Tricky birth but breastfeeding joy

Tracy-Anne persevered and after 8 weeks, baby Daisy finally latched on.


Tracy-Anne tells her birth story:

On Monday December 8th I called the hospital as I had not had any movement for a few days. I had a flu virus for over a month and was feeling really poorly and had been wetting myself with the coughing.


I was told that my waters had gone some time before (a week earlier, in fact!); I had not noticed because of being ill and they had just trickled away.

I was admitted and the next day the doctor said because I was due in 9 days anyway, they would induce me if I wanted. I said yes, thinking great! – I’ll be home for Christmas.

At 2pm on the 10th Dec I was given my first pessary and pretty much felt something happen straight away. Then they gave me another at 8pm and within minutes I was having massive painful contractions.

They were coming a minute apart but were not showing on the CTG so the MW said that the pessary can cause pains similar and it may be that. But it wasn’t and then I started bleeding heavily and lost 2 pints of blood, followed by the baby’s heartbeat dropping and then I don’t really remember anything other than screaming in pain and seeing flashing lights.

I remember hearing ‘c-section’, and some shouting.

It turned out the baby was in distress having tied a true knot in her cord. She had to be removed immediately so they rushed me into theatre leaving my poor husband to wait outside as they were putting me to sleep to start the op.

I feel so sorry for him now as he was alone and worrying about both of us. Andrew told me after that some time later they brought Daisy to him saying she had wee-ed everywhere as they took her out and was perfectly healthy.

He then spent 6 hours cuddling her whilst waiting to hear about me and gave her skin-to-skin contact as her body temperature was low and I was still unconscious.

Andrew was then asked to come and help wake me up as I wouldnt open my eyes and my oxygen saturates were low. The doctors though hearing him might help. They’d had to work so fast that there were some complications like a tear in my uterus but it’s all ok.

I remember waking up really confused and saying, have i had a baby, is that her? I was then helped to give her colostrum, and spent 6 hours in recovery. I had a morphine drip, fluids and antibiotics in my hands, a catheter fitted and a stomach drain fitted.

After 48 hours all these had been removed but I had to stay in hospital and have injections etc. After a week, I was allowed home with a nice big pile of pills to take and I had to take it easy. The midwife came round a lot and at first gave naproxen injections everyday.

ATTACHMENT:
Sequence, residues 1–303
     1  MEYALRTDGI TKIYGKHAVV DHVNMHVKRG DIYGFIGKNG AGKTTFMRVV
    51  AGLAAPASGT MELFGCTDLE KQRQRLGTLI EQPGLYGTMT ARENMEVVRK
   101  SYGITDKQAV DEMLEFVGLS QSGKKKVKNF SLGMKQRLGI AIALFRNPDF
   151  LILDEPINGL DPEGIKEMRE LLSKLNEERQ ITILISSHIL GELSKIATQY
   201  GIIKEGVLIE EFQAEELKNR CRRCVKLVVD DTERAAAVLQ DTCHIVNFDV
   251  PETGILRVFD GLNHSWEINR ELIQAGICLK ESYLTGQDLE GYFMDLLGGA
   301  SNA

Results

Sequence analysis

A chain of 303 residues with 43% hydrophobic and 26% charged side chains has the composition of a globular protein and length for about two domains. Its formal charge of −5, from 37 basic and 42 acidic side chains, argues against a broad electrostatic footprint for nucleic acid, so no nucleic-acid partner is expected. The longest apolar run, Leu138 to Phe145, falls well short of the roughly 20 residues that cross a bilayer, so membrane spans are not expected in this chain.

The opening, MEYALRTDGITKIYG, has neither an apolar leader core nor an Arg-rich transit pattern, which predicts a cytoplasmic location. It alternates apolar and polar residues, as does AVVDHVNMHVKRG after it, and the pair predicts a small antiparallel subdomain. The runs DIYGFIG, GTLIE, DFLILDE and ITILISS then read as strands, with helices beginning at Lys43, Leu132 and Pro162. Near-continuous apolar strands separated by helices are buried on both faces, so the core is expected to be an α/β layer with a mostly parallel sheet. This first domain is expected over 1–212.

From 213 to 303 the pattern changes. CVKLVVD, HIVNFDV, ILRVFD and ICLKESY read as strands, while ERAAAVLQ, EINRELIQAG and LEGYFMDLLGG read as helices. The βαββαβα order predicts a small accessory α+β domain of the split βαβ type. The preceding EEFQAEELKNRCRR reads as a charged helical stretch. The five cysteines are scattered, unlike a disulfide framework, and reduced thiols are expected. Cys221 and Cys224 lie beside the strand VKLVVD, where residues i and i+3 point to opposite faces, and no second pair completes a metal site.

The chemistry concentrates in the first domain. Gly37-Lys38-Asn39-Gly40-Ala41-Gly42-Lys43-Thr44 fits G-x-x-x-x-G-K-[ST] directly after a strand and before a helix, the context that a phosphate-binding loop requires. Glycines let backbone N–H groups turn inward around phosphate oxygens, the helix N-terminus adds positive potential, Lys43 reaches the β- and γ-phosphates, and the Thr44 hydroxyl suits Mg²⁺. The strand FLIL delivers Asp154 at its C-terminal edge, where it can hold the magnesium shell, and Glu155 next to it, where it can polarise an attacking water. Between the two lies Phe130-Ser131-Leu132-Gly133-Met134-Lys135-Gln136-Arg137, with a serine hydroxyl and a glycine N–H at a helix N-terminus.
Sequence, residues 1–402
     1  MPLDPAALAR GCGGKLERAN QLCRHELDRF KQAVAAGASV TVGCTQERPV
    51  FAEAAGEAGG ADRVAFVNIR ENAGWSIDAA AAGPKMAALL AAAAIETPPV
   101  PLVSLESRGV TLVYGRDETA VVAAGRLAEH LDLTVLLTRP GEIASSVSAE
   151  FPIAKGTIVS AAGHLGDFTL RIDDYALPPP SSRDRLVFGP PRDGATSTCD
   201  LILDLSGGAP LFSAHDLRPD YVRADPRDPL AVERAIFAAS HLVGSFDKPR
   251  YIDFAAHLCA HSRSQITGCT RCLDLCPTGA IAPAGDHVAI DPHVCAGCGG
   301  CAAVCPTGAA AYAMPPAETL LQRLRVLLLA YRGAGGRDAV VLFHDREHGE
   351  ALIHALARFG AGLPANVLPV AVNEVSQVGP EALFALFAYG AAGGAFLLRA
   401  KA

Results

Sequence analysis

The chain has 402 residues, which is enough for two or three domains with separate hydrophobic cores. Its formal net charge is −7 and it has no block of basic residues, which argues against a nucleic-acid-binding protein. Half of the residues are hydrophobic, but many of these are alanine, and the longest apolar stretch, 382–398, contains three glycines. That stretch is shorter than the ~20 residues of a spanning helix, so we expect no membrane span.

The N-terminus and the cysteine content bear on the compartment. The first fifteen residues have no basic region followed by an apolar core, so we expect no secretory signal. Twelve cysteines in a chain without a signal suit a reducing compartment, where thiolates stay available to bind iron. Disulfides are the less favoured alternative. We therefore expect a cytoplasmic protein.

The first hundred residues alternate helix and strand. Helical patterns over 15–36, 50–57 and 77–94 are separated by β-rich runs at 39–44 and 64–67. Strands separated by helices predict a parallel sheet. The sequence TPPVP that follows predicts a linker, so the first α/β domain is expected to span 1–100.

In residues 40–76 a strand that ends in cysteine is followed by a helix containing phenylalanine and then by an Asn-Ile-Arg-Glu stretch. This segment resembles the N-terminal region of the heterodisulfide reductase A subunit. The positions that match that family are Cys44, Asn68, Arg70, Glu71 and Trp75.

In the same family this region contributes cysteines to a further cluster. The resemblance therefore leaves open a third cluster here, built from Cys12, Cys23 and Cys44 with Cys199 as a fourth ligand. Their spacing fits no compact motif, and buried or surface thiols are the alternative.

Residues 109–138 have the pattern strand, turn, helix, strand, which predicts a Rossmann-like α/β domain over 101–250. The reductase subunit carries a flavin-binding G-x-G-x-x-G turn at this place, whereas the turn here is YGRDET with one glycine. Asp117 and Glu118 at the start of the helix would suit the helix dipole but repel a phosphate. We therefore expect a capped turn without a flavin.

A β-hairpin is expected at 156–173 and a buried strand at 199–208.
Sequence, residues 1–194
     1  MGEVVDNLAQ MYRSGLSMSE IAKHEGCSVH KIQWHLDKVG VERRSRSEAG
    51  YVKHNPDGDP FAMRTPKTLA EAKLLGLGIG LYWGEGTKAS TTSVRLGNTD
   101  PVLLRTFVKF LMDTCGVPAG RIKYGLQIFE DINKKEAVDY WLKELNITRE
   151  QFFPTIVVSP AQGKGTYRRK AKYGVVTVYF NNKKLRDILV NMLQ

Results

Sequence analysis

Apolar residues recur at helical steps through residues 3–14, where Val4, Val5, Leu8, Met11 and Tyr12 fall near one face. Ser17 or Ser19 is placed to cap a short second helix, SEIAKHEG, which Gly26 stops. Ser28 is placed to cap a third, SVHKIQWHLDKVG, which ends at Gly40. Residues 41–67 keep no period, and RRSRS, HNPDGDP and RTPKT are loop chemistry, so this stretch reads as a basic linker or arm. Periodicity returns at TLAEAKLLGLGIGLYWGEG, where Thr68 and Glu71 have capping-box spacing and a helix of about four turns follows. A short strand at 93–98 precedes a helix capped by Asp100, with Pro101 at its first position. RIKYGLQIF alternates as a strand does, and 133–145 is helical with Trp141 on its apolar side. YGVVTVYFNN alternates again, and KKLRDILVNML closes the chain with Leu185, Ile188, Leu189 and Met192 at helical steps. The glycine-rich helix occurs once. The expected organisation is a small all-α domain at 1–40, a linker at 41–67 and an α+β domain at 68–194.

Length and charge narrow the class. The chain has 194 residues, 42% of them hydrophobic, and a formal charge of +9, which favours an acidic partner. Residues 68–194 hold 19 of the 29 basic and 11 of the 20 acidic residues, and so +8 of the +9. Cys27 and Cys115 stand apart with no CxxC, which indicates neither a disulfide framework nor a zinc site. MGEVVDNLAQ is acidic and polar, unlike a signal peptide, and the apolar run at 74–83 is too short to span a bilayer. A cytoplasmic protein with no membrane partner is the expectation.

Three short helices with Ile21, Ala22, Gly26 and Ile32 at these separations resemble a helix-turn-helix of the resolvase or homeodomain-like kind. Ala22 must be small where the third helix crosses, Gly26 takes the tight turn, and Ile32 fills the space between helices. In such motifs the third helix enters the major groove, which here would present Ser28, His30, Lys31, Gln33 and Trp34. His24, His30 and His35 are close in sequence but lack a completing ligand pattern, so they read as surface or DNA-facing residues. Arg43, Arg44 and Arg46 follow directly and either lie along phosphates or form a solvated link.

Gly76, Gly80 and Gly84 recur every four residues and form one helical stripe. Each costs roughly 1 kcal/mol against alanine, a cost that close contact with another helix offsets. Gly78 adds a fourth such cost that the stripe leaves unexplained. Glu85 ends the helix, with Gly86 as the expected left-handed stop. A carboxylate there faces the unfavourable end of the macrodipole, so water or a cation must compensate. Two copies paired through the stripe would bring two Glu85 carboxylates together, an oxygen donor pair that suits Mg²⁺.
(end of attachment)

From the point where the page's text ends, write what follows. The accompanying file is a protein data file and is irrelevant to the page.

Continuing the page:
Baby Daisy Elizabeth Rose is perfect and has had no complications at all. To be honest, I would have gone through so much more to have ensured that.

The way she was born is a shame, as I had planned and worked really hard towards a natural birth but now I just feel so lucky that she made it and so did I. I still have some very tearful moments of relief.

Daisy’s weight did drop to 5lb 12oz at 10 days old, but at 6 weeks  she was 9lb 5oz and at 18 weeks she is 16lb having been exclusivly fed breast milk.

I should also add that the hospital and midwife care has been amazing, I can’t thank them enough for the professionalism and the amazing personal care I received during my pregnancy, birth and even now 18 weeks on.


When Daisy was 8 weeks old she fed from me for the first time….wooohooo! She had never been able to latch on, for various reasons, and in the first 7 weeks I had only managed to feed her for a total of 34 minutes.

But I did persevere: exclusively expressing and giving her my milk in a bottle and kept trying to latch her on.

I received loads of help, support and advice from my lactation consultant and midwives, and tried all sorts of things, including nipple shields.

Then the consultant gave me some small Medela nipple shields at 7 weeks and Daisy latched straight on and started feeding from me all night and all day. A week later she latched on herself using Biological nurturing, now 10 weeks later we are still happily breast feeding and plan to go on for at least another 8 months yet.


I am now going to train as a peer mentor so i can share all the things I had to learn with others who need help.

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